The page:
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Ending the Pursuit of Happiness: A Zen Guide to Ending the Pursuit of Happiness Paperback – 3 May 2008

4.3 out of 5 stars 7 customer reviews

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  • Ending the Pursuit of Happiness: A Zen Guide to Ending the Pursuit of Happiness
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  • Ordinary Mind: Exploring the Common Ground of Zen and Psychoanalysis
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  • Nothing Is Hidden: The Psychology of Zen Koans
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Product details

  • Paperback: 175 pages
  • Publisher: Wisdom Publications,U.S. (3 May 2008)
  • Language: English
  • ISBN-10: 0861715535
  • ISBN-13: 978-0861715534
  • Product Dimensions: 15.2 x 1.3 x 22.9 cm
  • Average Customer Review: 4.3 out of 5 stars  See all reviews (7 customer reviews)
  • Amazon Bestsellers Rank: 380,453 in Books (See Top 100 in Books)
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Review

"This is an exceptional work, majestic in its scope and clarity. Barry Magid presents a mature vision and he does it with utmost care and intelligence. I really loved this book." --Mark Epstein, M.D., author of Thoughts without a Thinker and Psychotherapy without the Self

About the Author

Barry Magid is a psychiatrist and psychoanalyst practicing in New York City, and the founding teacher of the Ordinary Mind Zendo, also in New York. He is the author of the Wisdom titles Ordinary Mind and Ending the Pursuit of Happiness.


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Format: Paperback Verified Purchase
great and interesting read.
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I think this a truly excellent read. I find Barry's writing easy to read and thought-provoking. It regularly brings me back to basic truths. I thought his earlier book "Ordinary Mind" was by far the best book to date on the interface between Buddhism and Psychotherapy, and his recent "Nothing is Hidden" a significant step forward in the dialogue between these two traditions. As both a Psychoanalyst and a Zen teacher Barry is well-placed to make his comments. I am of course biased in that I find Barry's perspective compatible to my own and inspiring of insight.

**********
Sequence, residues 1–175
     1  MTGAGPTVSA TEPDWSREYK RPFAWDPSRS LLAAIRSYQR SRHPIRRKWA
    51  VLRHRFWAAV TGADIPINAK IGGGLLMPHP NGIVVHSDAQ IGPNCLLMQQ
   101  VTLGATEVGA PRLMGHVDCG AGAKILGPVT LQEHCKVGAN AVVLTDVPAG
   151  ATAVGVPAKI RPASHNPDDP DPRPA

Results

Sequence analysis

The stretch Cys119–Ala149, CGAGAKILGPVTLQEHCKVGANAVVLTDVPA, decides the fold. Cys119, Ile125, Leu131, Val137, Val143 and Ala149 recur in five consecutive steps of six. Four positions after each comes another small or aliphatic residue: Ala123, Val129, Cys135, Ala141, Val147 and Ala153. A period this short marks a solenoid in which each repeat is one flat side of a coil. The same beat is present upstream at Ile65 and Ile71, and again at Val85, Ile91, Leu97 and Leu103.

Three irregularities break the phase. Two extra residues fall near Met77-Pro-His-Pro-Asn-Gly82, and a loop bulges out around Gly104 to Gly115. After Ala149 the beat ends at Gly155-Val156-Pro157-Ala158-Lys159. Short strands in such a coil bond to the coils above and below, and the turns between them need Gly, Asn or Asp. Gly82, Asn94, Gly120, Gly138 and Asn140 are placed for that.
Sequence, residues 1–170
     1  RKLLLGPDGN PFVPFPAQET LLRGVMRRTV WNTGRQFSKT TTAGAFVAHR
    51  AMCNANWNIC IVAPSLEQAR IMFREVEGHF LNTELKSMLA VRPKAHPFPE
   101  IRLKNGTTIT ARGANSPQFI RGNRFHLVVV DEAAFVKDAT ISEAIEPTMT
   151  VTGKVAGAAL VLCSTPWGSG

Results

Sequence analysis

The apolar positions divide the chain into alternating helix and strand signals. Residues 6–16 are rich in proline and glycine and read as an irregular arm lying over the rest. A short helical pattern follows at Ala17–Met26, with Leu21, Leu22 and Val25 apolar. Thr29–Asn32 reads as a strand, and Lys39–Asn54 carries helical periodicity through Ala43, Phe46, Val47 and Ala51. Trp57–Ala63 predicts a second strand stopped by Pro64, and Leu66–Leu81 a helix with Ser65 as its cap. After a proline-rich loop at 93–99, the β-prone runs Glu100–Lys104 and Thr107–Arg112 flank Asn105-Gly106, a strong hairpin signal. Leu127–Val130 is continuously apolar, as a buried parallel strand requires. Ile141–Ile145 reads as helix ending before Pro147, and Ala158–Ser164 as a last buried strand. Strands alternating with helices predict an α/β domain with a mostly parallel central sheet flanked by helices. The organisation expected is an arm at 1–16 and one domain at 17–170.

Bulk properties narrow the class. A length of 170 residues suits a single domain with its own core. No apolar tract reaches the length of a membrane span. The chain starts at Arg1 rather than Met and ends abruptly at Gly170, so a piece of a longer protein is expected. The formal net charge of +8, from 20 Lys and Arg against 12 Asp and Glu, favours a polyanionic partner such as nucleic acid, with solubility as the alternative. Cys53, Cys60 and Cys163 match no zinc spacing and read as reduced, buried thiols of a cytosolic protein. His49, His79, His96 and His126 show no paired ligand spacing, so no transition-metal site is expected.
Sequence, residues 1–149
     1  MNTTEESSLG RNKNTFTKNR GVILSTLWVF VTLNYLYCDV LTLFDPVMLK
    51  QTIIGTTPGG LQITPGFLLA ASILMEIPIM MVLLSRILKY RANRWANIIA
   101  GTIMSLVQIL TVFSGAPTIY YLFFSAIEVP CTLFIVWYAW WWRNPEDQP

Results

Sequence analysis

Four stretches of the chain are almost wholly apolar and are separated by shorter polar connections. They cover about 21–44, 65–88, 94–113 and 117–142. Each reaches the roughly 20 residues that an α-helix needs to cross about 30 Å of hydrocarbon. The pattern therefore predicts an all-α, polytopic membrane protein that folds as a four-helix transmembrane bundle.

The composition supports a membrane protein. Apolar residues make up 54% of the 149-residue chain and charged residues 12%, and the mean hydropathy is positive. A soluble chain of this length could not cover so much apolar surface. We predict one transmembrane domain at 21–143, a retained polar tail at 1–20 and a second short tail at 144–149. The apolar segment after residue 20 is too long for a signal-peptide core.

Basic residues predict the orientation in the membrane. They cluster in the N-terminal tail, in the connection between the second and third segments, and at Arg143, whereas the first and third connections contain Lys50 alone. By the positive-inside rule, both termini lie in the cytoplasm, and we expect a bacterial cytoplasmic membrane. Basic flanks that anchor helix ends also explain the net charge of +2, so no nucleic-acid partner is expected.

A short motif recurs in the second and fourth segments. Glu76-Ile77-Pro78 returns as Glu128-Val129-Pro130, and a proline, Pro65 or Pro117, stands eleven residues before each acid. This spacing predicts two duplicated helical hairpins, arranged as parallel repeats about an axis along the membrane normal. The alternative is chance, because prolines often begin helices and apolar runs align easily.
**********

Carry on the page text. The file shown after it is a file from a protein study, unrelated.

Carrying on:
Here are some quotes that give a flavour of the book as I experienced it.

"Each of us is trying to cure ourselves in one way or another, but often our hopes go underground and we are never quite clear just what we are seeking or how we imagine we are going to get there. We may say a lot of different things about what we hope to get from meditation, but in the back of our minds there usually lurks the fantasy that something will fix us once and for all".

"I will explore the ways we can become aware of and more honest about that secret practice that we all engage in behind the scenes, so to speak, in our imagination, the practice that we hope will be our fix, or our cure".

"We are surrounded by therapies and diets and self-improvement programs, all of which promise to fix us. What we don't realise is the way all of them tacitly reinforce our assumption that we are broken and need fixing".

"After all our futile efforts to transform our ordinary minds into idealized, spiritual minds, we discover the fundamental paradox of practice is that leaving everything alone is itself what is ultimately transformative".

"It's hard to really do nothing at all.
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Format: Kindle Edition Verified Purchase
If you like Joko's books you will love this. Although I prefer the sections of the book that deal with 'everyday' zen. A few chapters deal with historical aspects of zen - which, while very interesting, I probably won't want to read twice. I always found that I could re read Joko's books again and again (despite Joko saying we should stop reading and practice :-) and find something useful for my daily struggles. Anyway, you can tell that Barry has been through the same furnace as Joko so his teachings do have a similar clarity.
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Format: Paperback
Its rare I find a book that I want to read again immediately on completion , this is one such book . Barry Magid is a psychiatrist and a psychoanalyst in New York ,in 1996 Charlotte Joko Beck gave him permission to establish the Ordinary Mind Zendo as an affiliate of the San Diego Zen Centre and serve as its teacher .Hes well published and this is his latest foray into the world of Zen and psychoanalysis .

This book is best described as a no bulls!?t guide to Zen and I think it will appeal to both beginners and seasoned practitioners . Magid blows away many of the preconceptions we may have about Zen teachers being beyond human folly and reveals them to be ....... well.. human . He asks us what we hope to achieve from our own practice and what is our "secret practice "? He introduces some of the Koans and examines and questions their wisdom , not in a cynical way but in an open and honest attempt to help us gain insight into our own daily struggle . I suppose the big question that arises from this book is : What if this is it ? Do we continue to practice ? Do we dare hope for more ? OK that's three questions but that's the type of book this is , thought provoking ethical and without agenda . Needless to say I enjoyed this book and I leave you with this nugget

"Each one of you is perfect the way you are and you could use a little improvement "
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